An entirely new organ has been discovered — and it’s inside our heads.
Oncologists at the Netherlands Cancer Institute were baffled to make the discovery while using a new type of scan as part of their research into patients with head and neck cancer.
They were using positron emission tomography/computed tomography with prostate-specific membrane antigen ligands (PSMA PET/CT) scans, known to be an effective way to track the spread of prostate cancer around the body.
The patients are injected with radioactive glucose before the scan, which highlights any tumours within the patient by glowing brightly.
But the team kept noticing that two areas in each patient’s head kept unexpectedly lighting up during the scans.
All of the 100 people involved in the scan were shown to have these same bright spots.
Eventually the oncologists realised they had found an entirely new organ.
The exciting discovery, described in the journal Radiotherapy and Oncology, is a set of salivary glands – predominantly mucous glands with multiple draining ducts – located in the back of the nasopharynx.
“People have three sets of large salivary glands, but not there,” study author and radiation oncologist Wouter Vogel said.
“As far as we knew, the only salivary or mucous glands in the nasopharynx are microscopically small, and up to 1,000 are evenly spread out throughout the mucosa. So imagine our surprise when we found these.”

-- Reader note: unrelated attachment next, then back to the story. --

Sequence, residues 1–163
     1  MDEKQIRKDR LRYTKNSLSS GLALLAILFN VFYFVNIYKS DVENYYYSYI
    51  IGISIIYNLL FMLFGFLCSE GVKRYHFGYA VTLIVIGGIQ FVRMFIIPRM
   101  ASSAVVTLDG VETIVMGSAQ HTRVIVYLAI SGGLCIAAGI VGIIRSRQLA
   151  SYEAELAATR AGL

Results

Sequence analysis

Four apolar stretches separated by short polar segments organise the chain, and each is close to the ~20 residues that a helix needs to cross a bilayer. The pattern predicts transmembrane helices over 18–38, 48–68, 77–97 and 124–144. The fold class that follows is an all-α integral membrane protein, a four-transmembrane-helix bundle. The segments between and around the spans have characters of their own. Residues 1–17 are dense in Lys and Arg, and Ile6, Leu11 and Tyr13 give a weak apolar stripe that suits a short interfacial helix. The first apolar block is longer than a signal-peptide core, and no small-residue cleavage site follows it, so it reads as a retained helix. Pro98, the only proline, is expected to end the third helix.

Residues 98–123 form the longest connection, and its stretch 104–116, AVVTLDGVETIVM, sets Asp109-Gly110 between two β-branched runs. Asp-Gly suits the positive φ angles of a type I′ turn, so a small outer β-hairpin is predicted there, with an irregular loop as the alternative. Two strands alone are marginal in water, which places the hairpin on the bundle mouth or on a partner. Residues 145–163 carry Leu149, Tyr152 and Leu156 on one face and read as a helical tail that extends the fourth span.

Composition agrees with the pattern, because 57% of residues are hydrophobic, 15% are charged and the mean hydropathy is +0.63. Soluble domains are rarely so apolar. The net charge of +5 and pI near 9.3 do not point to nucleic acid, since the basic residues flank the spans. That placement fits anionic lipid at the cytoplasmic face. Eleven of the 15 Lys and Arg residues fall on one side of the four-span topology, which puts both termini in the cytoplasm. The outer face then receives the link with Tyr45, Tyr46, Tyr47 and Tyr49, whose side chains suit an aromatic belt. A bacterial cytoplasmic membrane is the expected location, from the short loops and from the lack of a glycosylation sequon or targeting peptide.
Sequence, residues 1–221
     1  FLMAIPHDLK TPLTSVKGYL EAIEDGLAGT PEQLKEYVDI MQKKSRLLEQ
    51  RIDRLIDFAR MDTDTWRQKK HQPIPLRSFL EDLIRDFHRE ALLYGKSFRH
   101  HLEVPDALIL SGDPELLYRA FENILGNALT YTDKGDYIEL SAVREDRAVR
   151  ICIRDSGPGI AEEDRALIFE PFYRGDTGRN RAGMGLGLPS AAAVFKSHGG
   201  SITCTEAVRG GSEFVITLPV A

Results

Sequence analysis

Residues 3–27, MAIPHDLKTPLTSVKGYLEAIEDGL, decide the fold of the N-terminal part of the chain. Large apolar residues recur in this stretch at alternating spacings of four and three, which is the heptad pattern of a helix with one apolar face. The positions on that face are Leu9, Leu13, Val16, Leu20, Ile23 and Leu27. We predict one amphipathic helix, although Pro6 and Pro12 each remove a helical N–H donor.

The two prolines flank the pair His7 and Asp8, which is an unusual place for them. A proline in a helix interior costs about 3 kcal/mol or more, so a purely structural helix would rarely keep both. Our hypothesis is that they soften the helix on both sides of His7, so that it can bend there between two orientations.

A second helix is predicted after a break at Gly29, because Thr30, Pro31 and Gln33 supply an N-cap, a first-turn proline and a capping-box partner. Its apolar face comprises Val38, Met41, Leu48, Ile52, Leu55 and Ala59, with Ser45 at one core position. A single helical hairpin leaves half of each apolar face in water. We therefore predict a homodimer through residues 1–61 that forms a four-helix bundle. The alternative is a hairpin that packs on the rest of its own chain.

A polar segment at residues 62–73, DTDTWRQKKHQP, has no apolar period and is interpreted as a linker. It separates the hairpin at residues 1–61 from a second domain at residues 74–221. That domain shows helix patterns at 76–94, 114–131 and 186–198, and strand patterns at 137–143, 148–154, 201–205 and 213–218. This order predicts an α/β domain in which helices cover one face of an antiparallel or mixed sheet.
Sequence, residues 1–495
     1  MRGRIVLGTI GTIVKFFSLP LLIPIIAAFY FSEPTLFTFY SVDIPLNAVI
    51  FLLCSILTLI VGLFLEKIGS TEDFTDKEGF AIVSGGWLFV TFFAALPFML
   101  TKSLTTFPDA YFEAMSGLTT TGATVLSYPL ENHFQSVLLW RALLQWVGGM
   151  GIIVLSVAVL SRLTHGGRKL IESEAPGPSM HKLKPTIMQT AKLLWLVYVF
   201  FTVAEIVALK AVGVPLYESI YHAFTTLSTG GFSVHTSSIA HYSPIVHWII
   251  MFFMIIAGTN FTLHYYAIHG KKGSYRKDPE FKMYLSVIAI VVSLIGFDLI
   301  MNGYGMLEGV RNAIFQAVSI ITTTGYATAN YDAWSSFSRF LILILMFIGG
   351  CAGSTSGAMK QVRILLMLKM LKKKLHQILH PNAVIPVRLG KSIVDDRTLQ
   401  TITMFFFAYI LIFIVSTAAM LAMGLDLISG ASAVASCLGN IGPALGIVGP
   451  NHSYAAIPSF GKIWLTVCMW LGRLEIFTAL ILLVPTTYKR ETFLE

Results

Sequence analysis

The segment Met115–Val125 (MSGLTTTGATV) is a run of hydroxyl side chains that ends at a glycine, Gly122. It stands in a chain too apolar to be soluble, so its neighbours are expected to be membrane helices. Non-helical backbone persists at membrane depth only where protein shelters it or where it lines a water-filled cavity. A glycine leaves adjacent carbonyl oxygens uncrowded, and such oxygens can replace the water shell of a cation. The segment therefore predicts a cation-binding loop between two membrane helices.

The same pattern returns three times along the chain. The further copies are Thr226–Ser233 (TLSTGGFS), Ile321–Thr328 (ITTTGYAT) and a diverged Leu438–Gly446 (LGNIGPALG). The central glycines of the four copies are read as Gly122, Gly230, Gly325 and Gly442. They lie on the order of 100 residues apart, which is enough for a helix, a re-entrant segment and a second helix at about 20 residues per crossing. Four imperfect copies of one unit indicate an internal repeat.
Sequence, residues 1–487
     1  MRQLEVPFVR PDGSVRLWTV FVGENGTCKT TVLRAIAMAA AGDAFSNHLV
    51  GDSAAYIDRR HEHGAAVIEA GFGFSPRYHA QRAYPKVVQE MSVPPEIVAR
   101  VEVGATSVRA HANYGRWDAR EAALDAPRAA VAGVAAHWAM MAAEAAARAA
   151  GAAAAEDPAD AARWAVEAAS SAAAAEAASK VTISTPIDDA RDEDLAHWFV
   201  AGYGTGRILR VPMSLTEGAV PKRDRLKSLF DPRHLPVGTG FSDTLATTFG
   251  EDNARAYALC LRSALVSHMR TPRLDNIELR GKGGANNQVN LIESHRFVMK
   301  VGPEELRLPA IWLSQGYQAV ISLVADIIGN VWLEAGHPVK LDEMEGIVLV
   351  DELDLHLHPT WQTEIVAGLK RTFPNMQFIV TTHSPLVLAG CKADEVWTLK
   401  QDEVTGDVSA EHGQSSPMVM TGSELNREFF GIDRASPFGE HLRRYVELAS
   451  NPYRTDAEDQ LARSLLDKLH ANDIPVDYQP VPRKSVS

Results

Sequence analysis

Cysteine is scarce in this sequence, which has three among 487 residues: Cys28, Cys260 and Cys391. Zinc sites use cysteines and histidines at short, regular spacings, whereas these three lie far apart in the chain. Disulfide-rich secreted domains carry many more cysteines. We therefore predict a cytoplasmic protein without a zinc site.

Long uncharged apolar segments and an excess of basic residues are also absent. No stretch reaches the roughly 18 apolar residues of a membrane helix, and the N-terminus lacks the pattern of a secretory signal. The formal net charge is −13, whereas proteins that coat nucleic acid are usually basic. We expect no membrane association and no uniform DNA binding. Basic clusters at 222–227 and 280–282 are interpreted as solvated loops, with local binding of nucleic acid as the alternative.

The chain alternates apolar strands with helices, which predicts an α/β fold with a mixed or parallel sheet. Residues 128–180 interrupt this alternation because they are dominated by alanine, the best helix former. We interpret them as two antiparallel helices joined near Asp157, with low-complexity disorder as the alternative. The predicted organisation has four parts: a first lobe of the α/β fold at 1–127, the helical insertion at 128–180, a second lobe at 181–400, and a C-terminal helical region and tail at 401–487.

The team confirmed the discovery with colleagues at Amsterdam UMC using cadavers, and have now named the organ the “tubarial glands”.
They believe the glands could be a potential cause of complications for patients undergoing radiation, including dysphagia which means difficulty swallowing.
Knowing about the existence of the glands could improve cancer treatment as oncologists will know to avoid the area and prevent such complications.
“Radiation therapy can damage the salivary glands, which may lead to complications,” Dr Vogel said.
“Patients may have trouble eating, swallowing, or speaking, which can be a real burden.”
The oncologists examined 723 patients who had undergone radiation treatment in this area of the head. They discovered that the more radiation the tubarial glands are exposed to, the more complications the patient experienced after therapy.
“For most patients, it should technically be possible to avoid delivering radiation to this newly discovered location of the salivary gland system in the same way we try to spare known glands,” Dr Vogel explained.
“Our next step is to find out how we can best spare these new glands and in which patients.
“If we can do this, patients may experience less side effects which will benefit their overall quality of life after treatment.”